SMAP: The Dirt Behind Improved Forecasting

February 2nd, 2015 by Rani Gran, NASA's Goddard Space Flight Center
Science team leader Dara Entekhabi discusses the science and engineering of NASA's Soil Moisture Active Passive (SMAP) mission with the audience of a NASA Social held on January 28, 2015, at Vandenberg Air Force Base in California. Credit: NASA

Science team leader Dara Entekhabi discusses the science and engineering of NASA’s Soil Moisture Active Passive (SMAP) mission with the audience of a NASA Social held on January 28, 2015, at Vandenberg Air Force Base in California. Credit: NASA

Dara Entekhabi has been waiting 15 years for this moment—the launch of NASA’s Soil Moisture Active Passive (SMAP) satellite from Vandenberg Air Force Base in California. Even a snowstorm wasn’t going to stop him: He flew out of Boston just before a major storm dumped over 30 inches of snow on his home.

The satellite, which launched early in the morning of January 31, could aid in studying storms like that in the future. “Next year, if the East Coast sees another major Nor’easter snowstorm, forecasters will be able to predict the flood potential with greater accuracy,” said Entekhabi, lead scientist for SMAP at the Massachusetts Institute of Technology, Cambridge.

That’s because SMAP can measure how much water the ground can absorb. If the ground is frozen, the soil will not be able to absorb much water from snowmelt. Some of the worst floods occur when it rains on snow. “Its like you suddenly tip a water bucket,” he said.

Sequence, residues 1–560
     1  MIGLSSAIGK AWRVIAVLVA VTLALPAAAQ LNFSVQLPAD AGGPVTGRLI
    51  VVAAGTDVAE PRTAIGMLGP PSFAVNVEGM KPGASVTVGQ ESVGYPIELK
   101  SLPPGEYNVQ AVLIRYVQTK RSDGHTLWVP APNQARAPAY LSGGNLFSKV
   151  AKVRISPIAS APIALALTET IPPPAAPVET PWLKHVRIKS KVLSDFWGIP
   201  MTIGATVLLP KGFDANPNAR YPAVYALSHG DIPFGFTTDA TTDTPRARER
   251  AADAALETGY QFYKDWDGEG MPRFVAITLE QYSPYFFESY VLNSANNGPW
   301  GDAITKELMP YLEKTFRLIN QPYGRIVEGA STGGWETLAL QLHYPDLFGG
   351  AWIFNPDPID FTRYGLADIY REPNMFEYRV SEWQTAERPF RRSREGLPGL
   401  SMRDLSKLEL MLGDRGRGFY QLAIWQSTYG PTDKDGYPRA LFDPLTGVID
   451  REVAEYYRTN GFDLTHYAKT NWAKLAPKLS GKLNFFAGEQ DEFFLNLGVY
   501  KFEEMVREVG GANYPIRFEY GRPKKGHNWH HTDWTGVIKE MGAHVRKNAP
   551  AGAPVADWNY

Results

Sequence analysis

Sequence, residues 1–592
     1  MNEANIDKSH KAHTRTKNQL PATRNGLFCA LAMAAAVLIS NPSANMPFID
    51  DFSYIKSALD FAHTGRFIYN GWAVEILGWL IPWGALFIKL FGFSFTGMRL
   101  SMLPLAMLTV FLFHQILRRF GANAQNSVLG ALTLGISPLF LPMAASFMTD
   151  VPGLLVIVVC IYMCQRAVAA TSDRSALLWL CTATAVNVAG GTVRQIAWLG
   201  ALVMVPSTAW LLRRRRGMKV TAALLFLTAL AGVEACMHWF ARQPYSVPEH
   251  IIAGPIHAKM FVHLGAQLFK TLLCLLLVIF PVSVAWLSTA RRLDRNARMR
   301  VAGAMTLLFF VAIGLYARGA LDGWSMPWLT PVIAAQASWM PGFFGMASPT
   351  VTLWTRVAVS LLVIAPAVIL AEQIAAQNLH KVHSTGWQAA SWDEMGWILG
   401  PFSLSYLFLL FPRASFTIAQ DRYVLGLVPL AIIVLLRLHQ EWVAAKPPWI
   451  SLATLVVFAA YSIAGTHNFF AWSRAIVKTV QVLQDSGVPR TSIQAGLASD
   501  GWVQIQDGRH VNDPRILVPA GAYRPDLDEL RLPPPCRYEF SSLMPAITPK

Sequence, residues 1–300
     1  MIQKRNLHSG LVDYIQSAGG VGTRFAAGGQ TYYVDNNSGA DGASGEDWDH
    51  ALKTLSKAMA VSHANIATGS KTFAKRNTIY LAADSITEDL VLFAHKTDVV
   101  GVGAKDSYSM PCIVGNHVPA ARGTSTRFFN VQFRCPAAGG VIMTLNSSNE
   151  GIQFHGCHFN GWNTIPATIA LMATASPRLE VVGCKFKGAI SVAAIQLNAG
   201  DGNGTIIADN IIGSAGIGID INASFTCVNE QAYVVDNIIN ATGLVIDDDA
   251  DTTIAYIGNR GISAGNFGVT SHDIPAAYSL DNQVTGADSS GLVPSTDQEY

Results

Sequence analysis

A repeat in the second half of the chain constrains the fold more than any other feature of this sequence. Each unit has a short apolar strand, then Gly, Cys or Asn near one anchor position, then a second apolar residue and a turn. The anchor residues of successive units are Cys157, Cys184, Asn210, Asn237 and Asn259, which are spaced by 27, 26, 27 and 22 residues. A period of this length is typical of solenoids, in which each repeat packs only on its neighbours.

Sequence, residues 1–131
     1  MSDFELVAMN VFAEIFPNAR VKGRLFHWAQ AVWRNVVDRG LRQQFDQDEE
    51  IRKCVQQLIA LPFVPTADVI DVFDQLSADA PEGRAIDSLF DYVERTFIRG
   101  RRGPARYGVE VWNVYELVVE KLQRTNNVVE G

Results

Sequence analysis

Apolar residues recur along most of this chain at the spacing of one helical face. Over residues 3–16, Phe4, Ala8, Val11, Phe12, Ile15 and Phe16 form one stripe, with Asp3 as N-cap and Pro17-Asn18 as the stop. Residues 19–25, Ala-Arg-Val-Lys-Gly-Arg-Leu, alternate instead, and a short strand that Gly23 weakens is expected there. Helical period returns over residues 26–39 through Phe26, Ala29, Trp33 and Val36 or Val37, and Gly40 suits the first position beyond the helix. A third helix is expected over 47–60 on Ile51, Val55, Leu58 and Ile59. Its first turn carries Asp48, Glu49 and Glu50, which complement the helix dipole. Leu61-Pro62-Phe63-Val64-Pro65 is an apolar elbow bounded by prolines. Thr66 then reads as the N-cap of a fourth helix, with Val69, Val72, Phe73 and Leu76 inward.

Since 1999, Entekhabi has advocated for improving weather forecasts with dedicated satellite measurements of soil moisture. Previous investments in higher resolution satellite measurements led to improvements to weather forecast models. But there are other fronts to explore to improve forecasts’ accuracy further.

SMAP’s global look at soil moisture is one of the leading contenders, Entekhabi said. When scientists ran test forecasts using historical conditions, the computer models that integrated realistic surface soil moisture information produced a more accurate forecast. From this result, researchers realized an investment in better soil moisture measurements would provide significant improvements in weather forecasting.

With this knowledge, Entekhabi began the campaign of building advocacy among the science community for a dedicated soil moisture satellite mission. The SMAP mission—a collaboration between the Jet Propulsion Laboratory, NASA Goddard, and science team members from various institutions—has had ups and downs along the road to launch.

“It’s been a long haul,” Entekhabi says. “But I live this every day and I can’t imagine doing anything else.”

2 Responses to “SMAP: The Dirt Behind Improved Forecasting”

  1. drew fenton says:

    Dara Entekhabi! – Thank you for not giving up! What a great inspiration.

    “Dara Entekhabi has been waiting 15 years for this moment—the launch of NASA’s Soil Moisture Active Passive (SMAP) satellite from Vandenberg Air Force Base in California”

  2. ailin says:

    Hello
    Radiometric and spatial and temporal resolution of satellite bandwidth of 2015 wanted

Notes from the Field